Portion of Pa. highway renamed in honor of Army Sgt. Adam Harswick
Sgt. Adam Hartswick’s dedicated service to the nation will be honored with the renaming of a section of local highway, state Rep. Scott Conklin, D-Rush Township, said Monday in a news release.
Legislation signed by Gov. Tom Corbett last week designates a section of state Route 45 in Centre County as the Sgt. Adam Hartswick Interchange, Conklin said.
Specifically, the renamed section of Route 45 in Pine Grove Mills will extend from the intersection of state Route 26 to U.S Business Route 322 in Boalsburg.
Hartswick’s mother, Morgen Hummel, expressed her appreciation for the gesture of support and for all of the emotional support she and her family have received from friends, family, the community and even strangers from across the country.
“We’re honored; certainly when you go through what Adam has been through, you know that the least of your worries is to think about recognition,” Hummel said. “For him, he’s very humble; he feels that the recognition should go to his fellow soldiers.”
Hartswick, a 2009 graduate of State College Area High School, lost both of his legs May 14, 2013, while deployed in Afghanistan.
“Very few times do we get to honor a hero,” Conklin said. “I am humbled by this opportunity to show Sgt. Hartswick and his family how much we appreciate his service.”
Hartswick has trouble accepting the “hero” label.
“He resists being called a hero a lot, but recently someone told him that the soldiers who died are now hero angels in a way,” Hummel said. “It was a nice reminder that it’s OK for Adam to carry the credit, too.”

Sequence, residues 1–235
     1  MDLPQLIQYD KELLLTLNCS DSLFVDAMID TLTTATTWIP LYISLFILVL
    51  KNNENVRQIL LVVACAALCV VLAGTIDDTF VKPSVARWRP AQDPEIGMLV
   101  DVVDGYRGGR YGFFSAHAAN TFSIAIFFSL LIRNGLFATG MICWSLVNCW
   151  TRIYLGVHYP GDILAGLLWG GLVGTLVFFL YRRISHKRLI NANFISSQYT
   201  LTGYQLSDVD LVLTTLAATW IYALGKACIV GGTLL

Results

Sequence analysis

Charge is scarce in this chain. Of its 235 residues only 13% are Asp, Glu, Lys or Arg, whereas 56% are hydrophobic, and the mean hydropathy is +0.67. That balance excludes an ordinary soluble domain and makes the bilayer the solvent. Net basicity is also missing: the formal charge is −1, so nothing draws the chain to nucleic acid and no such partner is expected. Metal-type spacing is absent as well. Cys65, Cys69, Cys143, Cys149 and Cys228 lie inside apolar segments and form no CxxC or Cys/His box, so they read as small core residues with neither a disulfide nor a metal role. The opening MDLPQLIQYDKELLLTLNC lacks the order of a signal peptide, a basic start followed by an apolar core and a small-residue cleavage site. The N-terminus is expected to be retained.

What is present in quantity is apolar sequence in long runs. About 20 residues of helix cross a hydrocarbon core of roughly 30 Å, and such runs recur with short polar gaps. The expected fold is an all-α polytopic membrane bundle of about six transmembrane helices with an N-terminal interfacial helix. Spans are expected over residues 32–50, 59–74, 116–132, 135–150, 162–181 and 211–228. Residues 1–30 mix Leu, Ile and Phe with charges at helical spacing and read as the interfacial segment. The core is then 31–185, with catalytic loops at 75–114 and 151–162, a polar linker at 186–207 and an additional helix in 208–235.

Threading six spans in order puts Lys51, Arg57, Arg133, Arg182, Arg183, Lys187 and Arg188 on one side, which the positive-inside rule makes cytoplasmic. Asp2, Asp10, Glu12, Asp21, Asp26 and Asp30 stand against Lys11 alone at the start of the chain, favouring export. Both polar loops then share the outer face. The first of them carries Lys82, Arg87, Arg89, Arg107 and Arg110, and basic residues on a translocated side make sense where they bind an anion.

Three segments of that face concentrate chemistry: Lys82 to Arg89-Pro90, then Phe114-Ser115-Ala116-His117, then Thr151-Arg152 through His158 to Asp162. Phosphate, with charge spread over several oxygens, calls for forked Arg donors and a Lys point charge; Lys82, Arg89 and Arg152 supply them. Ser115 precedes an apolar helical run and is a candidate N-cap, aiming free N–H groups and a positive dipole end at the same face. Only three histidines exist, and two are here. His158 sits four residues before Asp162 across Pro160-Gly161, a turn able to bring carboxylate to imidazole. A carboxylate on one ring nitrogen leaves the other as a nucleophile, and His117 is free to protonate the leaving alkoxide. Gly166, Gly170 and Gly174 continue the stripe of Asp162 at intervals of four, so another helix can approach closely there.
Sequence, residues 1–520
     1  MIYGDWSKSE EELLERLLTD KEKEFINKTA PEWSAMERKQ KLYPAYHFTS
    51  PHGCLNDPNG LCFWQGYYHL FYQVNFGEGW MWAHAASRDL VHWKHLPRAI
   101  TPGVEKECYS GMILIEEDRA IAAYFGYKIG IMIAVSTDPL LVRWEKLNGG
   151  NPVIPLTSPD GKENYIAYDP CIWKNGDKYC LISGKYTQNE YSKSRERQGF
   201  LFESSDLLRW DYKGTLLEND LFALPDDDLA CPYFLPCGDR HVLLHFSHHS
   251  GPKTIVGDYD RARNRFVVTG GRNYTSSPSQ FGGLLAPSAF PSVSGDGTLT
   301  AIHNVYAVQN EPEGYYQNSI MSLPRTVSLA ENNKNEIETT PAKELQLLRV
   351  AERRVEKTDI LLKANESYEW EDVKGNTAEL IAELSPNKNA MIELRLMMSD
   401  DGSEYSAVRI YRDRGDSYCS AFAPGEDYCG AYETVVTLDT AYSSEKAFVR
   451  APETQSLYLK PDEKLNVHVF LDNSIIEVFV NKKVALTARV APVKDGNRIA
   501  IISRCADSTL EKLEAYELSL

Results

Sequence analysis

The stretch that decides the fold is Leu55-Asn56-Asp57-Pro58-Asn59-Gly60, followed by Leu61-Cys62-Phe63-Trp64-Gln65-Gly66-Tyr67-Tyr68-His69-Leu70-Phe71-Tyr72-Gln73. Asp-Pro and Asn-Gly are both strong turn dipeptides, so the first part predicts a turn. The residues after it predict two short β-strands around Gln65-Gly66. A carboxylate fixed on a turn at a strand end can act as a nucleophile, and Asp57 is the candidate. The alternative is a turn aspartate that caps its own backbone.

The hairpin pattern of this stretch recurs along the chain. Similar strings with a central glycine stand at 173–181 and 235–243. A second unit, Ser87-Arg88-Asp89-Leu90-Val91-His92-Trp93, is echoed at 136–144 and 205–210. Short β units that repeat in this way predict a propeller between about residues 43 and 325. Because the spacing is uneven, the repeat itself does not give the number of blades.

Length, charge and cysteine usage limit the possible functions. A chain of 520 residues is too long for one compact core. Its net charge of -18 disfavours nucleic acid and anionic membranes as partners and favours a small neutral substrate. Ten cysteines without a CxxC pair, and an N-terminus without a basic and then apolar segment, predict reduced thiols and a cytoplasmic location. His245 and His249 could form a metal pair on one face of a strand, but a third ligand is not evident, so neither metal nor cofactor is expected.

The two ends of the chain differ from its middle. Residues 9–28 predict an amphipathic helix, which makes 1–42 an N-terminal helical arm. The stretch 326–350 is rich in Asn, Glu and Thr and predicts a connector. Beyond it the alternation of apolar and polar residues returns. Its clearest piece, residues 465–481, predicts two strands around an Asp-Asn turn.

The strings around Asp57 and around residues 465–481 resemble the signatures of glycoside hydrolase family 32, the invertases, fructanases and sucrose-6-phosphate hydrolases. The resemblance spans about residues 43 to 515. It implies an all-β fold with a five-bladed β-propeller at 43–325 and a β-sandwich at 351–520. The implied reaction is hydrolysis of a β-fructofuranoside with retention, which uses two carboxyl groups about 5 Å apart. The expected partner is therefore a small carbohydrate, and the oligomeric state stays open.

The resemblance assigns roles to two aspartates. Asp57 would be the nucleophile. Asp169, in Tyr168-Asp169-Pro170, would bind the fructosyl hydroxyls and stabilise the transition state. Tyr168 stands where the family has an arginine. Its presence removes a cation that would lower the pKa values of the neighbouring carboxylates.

Hartswick was a medic responding to an explosion that killed four U.S. service members and was critically injured after stepping on an improvised explosive device.
He lost both legs above the knees, both index fingers and part of one thumb while aiding wounded soldiers from an ambushed U.S. platoon.
Despite his injuries, Hartswick was able to instruct a soldier on how to apply tourniquets to his legs, saving his own life.
Hartswick will revisit the site of the explosion this month as a part of Operation Proper Exit, a program that allows soldiers to return to war zones in an effort to help the soldiers heal emotionally and mentally.
“Sgt. Hartswick’s Centre County roots include his service as a volunteer with Centre LifeLink EMS. In 2009 he preserved a long-standing family tradition by enlisting in the U.S. Army,” Conklin said. “As a trained combat medic the lives of others come first. In doing so, he also saved his own. This is a testament to what this young man is made of.”
While recovering in the hospital, Hartswick was promoted to sergeant by a three-star general.
At the Walter Reed National Military Medical Center in Bethesda, Md., he learned to walk again on prosthetic limbs and now has a pair of computerized Ottobock X3 legs.
Hartswick is healing well as an outpatient at Walter Reed and is still an active-duty soldier living on the base in Bethesda, Hummel said.
The Department of Transportation will place a sign identifying the section of the road, Conklin said.
“This is the smallest token of appreciation, but a large reminder for every passerby of what a true hero is,” Conklin said.
For Hartswick, this particular stretch of road has a special meaning.
“The interchange is a combination of State College and Pine Grove, the two towns he grew up in, so it does have a certain connection for Adam,” Hummel said.